Concerts

Michael Bublé Brings Charm, Soaring Vocals to Toyota Center

Bublé onstage at Toyota Center
Bublé onstage at Toyota Center Photo by Matthew Keever
Michael Bublé
Toyota Center
March 26, 2019

They're either going to forget you, or your absence will make their hearts grow fonder.

That's what Michael Bublé's publicist told him after his son's cancer diagnosis sidelined the Canadian singer-songwriter from touring for nearly five years. And while that may sound harsh, it's a well-known fact that fame is fleeting and fans are fickle.

Fortunately, Bublé didn't lose any of his signature charm during those trying times. In fact, the four-time Grammy Award-winning vocalist has claimed in multiple interviews that the experience changed him for the better and made him more appreciative of everything he has.

His gratitude was on full display Tuesday night.

"You are my family," Bublé told the crowd of approximately 15,000 at Houston's Toyota Center. "I never use the word fan, because I think it's a derogatory word. It's short for fanatic, and you're not fanatics. You're beautiful people, beautiful souls who want to come and enjoy music."

Bublé went on to say that his mom, dad, wife and kids were all in attendance. "And you guys are an extension of that family," he added as fans the crowd roared its approval.

Clad in a bright blue suit - which he caught a glimpse of onscreen and likened to Will Smith's genie character in Aladdin remake - Bublé was all smiles for two full hours Tuesday night. He walked the catwalk, high-fiving members of the crowd and FaceTiming with a young girl who wasn't able to make the show. Along the way, he took selfies, signed posters and kept everyone laughing.

click to enlarge Bublé serenading fans - PHOTO BY MATTHEW KEEVER
Bublé serenading fans
Photo by Matthew Keever
Backed by a few dozen musicians, including an all-female string ensemble, the Canadian crooner took his time at the nearly sold-out venue, soaking up the limelight during his first visit to the Bayou City since October 2013. He shared anecdotes in between every few songs, tales of fatherhood and touring and a brief but heartfelt thank-you to a friend and doctor in the crowd who was integral in his son's treatment.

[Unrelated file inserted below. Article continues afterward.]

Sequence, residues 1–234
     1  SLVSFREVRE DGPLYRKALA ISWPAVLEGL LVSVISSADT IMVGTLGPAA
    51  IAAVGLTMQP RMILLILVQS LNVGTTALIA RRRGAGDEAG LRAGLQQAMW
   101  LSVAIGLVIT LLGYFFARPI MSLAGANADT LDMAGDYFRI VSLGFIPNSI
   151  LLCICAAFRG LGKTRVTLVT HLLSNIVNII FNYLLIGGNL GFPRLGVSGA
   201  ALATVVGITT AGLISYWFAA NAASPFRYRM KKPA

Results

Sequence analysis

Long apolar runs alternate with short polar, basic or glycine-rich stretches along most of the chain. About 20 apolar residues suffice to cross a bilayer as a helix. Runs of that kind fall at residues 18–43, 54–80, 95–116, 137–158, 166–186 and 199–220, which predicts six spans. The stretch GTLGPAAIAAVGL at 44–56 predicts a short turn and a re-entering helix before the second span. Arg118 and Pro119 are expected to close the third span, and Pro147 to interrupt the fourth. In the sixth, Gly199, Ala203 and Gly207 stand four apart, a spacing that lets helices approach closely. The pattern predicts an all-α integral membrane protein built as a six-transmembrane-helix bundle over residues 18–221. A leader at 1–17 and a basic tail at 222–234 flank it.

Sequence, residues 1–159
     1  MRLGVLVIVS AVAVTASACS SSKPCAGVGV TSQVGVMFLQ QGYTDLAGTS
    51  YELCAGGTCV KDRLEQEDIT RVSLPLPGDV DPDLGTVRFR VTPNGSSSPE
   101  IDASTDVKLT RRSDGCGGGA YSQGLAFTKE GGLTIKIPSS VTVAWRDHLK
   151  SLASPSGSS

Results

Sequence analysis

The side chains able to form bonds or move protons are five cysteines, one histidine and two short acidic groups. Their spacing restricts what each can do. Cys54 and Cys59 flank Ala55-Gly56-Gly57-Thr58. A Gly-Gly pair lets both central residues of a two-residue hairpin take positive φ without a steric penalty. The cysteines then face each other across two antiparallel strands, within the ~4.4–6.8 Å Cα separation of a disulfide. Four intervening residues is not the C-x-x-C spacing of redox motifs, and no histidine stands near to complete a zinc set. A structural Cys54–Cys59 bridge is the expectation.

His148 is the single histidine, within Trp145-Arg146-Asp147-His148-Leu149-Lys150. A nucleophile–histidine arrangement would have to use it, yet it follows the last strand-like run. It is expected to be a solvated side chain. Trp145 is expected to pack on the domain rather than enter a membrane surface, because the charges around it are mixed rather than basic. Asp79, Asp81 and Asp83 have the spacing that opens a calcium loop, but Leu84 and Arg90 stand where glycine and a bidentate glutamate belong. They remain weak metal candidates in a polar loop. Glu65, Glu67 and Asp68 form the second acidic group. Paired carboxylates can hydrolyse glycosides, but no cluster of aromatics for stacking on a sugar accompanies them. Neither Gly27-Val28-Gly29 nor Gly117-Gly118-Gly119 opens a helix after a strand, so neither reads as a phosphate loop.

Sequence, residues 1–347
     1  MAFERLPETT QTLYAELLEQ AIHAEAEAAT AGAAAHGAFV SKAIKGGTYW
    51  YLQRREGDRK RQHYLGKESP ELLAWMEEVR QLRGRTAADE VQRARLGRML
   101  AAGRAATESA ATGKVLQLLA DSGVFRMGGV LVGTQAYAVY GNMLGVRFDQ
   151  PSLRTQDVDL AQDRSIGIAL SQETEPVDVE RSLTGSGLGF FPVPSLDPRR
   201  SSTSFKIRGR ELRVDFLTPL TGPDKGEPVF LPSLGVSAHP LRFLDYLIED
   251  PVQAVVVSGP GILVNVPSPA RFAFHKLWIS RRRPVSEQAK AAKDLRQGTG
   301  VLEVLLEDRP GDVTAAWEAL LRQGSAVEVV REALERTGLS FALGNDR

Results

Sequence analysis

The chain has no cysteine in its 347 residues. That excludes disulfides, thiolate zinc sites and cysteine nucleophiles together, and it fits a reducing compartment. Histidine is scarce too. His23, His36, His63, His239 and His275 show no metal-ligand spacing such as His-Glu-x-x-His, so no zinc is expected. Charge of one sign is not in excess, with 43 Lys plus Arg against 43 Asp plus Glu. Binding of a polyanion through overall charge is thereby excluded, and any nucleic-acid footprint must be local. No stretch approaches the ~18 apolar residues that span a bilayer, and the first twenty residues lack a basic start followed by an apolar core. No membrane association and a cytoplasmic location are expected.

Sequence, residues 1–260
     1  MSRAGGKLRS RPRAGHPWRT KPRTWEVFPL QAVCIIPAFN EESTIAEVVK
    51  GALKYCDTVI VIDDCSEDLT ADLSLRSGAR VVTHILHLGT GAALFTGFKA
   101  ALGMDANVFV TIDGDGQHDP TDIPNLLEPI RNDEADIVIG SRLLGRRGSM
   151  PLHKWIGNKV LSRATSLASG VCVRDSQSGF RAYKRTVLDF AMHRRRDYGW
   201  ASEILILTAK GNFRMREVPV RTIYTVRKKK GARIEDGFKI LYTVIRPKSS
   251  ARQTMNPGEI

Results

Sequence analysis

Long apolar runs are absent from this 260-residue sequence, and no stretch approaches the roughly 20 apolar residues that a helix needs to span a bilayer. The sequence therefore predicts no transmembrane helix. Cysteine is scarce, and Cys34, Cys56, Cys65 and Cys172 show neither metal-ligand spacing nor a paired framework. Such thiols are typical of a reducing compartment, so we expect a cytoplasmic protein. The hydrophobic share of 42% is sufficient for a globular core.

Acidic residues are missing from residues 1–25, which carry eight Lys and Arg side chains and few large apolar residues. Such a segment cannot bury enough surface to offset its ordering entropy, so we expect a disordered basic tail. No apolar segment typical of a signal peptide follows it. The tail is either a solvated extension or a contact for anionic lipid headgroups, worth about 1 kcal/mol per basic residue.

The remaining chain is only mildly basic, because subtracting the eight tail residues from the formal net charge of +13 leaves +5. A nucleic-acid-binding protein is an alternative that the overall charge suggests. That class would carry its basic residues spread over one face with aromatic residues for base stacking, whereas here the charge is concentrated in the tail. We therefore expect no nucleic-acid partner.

In between it all, Bublé performed a plethora of hits, including "Feeling Good," "Haven't Met You Yet" and his latest single, "Love You Anymore." He even made time to perform a duet of "Me and Mrs. Jones" with a young woman in the crowd, whose soprano vocals harmonized perfectly with Bublé's baritone.

He expressed his love for Houston, specifically for Beyoncé, Kenny Rogers and Howard Hughes. He treated fans to two Rogers covers - "Coward of the County" and "The Gambler" - and he dedicated "(Up A) Lazy River" to his grandfather, who passed away late last year and was integral to Bublé's singing career.

Alas, there just wasn't enough time for any Queen B cuts.

On tour in support of his 10th studio album, Love, Bublé boasted "an attitude of gratitude" Tuesday night. He ended the show with a soulful rendition of "Always On My Mind," which he dedicated to the fans who stuck by his side and sent him well wishes during his son's treatment.

"I want this to be an excuse for us all to fall in love all over again," Bublé said of the show. And after five long years during which their hearts grew fonder, Houston fans did just that.

click to enlarge Bublé conducting the crowd - PHOTO BY MATTHEW KEEVER
Bublé conducting the crowd
Photo by Matthew Keever
SET LIST
Feeling Good
Haven't Met You Yet
My Funny Valentine
I Only Have Eyes for You
Sway
Such a Night
Coward of the County
The Gambler
(Up A) Lazy River
When You're Smiling
Me and Mrs. Jones
You're Nobody Till Somebody Loves You
When I Fall in Love
Love You Anymore
Forever Now
Home
Buona Sera
Just a Gigolo
You Never Can Tell
Nobody But Me
Cry Me a River

ENCORE
Where or When
Everything
Always on My Mind
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Matt is a regular contributor to the Houston Press’ music section. He graduated from the University of Houston with a degree in print journalism and global business. Matt first began writing for the Press as an intern, having accidentally sent his resume to the publication's music editor instead of the news chief. After half a decade of attending concerts and interviewing musicians, he has credited this fortuitous mistake to divine intervention.
Contact: Matthew Keever